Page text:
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A Set Theory Approach to Sudoku Strategies

From, the puzzle solver's site

Abstract: 'Generalizing Sudoku Strategies'

View Paper
View Paper
Numerous strategies exist for solving Sudoku puzzles, often given evocative names such as “X-wing” and “Swordfish”. Many of these strategies consider specific configurations or states of the Sudoku puzzle. As such, many are related.

This paper seeks to define a smaller set of more generalized strategies, which make the relationship among some of the named strategies more explicit, suggest other strategies for solving puzzles, and offer a path to simplify Sudoku solvers.

Using set notation, this paper defines six generalized strategies which encompass sixteen or more individual strategies. These generalized strategies may be implemented in computerized algorithms.

The paper concludes with some thoughts on ranking puzzle difficulty, and on open questions involving the completeness and efficiency of Sudoku solution strategies.

by Kevin Gromley, March 2014

This is a fascinating paper by Kevin Gromley who has set out a way to group families of logical strategies based on 'constraint sets'. I'm not nearly mathematical enough to appreciate the set theory formulas but we have exchanged ideas about the conclusions of this paper and discussed some of the open questions. I'd like to pick out a few points and write about them here.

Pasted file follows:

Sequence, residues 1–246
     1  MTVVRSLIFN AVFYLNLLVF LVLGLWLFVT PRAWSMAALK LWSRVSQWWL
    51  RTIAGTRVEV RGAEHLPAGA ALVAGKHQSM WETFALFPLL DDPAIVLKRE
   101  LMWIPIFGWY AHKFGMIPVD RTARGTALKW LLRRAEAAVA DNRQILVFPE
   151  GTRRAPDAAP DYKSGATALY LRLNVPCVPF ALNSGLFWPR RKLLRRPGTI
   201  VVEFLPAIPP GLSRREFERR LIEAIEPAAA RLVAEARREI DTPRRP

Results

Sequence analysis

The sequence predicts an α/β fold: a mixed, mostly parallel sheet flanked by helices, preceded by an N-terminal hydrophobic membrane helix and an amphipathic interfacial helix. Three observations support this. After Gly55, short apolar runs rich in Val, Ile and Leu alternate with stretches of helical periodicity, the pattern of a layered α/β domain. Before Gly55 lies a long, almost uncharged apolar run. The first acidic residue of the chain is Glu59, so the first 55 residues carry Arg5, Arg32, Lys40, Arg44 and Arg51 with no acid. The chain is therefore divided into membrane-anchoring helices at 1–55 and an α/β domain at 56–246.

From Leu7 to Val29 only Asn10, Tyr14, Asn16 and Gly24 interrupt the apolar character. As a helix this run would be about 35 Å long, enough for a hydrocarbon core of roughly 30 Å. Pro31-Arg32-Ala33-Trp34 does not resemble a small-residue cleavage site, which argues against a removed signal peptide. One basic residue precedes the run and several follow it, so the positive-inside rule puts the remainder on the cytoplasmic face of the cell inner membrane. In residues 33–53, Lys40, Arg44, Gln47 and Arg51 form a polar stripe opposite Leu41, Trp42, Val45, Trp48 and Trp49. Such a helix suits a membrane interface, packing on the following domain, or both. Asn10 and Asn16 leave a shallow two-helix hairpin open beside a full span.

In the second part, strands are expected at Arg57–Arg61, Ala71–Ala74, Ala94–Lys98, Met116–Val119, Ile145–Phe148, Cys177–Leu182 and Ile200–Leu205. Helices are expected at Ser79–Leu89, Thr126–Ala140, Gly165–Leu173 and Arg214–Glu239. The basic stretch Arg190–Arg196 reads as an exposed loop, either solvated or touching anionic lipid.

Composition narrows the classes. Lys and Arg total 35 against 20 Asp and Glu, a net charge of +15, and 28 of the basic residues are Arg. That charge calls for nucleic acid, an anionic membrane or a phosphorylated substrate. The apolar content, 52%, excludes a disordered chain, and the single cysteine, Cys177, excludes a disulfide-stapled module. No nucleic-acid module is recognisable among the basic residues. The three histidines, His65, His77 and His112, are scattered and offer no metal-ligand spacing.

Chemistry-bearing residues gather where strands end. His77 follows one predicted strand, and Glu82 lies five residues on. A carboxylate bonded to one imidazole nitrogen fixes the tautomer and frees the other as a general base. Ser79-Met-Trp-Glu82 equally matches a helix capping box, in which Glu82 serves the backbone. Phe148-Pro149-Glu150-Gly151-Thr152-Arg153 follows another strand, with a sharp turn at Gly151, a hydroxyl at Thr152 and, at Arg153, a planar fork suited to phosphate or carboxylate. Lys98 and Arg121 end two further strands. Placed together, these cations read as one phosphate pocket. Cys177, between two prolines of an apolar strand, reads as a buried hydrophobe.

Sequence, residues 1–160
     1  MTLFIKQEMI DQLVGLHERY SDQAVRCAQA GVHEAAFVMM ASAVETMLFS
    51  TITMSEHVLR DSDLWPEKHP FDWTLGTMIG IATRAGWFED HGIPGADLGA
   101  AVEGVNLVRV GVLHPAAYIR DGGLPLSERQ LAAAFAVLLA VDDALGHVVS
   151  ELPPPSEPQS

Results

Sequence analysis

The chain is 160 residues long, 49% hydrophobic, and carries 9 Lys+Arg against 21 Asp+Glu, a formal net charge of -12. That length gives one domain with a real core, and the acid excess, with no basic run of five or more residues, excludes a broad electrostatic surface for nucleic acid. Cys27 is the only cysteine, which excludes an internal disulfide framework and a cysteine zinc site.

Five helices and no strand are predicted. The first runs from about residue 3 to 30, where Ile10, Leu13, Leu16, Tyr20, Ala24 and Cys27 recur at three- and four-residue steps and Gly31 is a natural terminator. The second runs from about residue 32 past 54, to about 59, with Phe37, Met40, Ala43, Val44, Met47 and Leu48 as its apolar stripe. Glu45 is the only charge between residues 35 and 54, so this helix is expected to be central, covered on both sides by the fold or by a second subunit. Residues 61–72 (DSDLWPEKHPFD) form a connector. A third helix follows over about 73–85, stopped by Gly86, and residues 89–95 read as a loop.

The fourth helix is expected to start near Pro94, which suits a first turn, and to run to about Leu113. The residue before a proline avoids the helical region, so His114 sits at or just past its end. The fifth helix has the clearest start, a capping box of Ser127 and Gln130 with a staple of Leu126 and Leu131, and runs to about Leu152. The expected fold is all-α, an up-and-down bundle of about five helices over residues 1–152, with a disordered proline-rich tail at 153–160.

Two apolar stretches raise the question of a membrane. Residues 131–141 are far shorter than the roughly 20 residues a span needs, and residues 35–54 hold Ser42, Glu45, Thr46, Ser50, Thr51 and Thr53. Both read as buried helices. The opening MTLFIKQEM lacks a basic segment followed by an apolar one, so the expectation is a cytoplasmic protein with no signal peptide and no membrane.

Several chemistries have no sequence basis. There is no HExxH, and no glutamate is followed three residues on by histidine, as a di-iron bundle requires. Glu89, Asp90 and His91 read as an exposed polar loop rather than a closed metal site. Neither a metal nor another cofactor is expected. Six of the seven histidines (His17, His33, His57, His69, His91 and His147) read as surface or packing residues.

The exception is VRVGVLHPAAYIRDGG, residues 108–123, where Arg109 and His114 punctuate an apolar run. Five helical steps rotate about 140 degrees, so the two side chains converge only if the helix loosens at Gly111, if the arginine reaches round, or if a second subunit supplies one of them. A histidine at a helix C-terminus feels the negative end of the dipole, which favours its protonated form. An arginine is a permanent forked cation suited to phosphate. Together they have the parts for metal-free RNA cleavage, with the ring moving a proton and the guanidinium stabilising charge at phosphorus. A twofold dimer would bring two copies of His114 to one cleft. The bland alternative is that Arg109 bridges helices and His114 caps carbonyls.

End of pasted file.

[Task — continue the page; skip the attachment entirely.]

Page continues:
Time by Clue Density
Time by Clue Density

I knocked up a quick graph to show the very rough relationship between logical strategies and brute-force - the two competing approaches to finding solutions. Brute Force is incredibly fast at high numbers of clues. I've dropped in 17 as the minimum number of clues on a normal Sudoku - my implementation can take a few seconds on these puzzles. The 8 is the smallest number of clues in a Jigsaw Sudoku - expotentialism takes over and I've never waited long enough to see how long it takes.

The straight green line should be a rather hazy line because clue density has almost no bearing on the complexity of the puzzle except in the gross sense of less or more availability for steps. There are trivial 17 clue puzzles and horrendous 30 clue ones. But logical strategies only take 5-10 seconds on the hardest puzzles and so the time spread is fairly flat.

- Andrew Stuart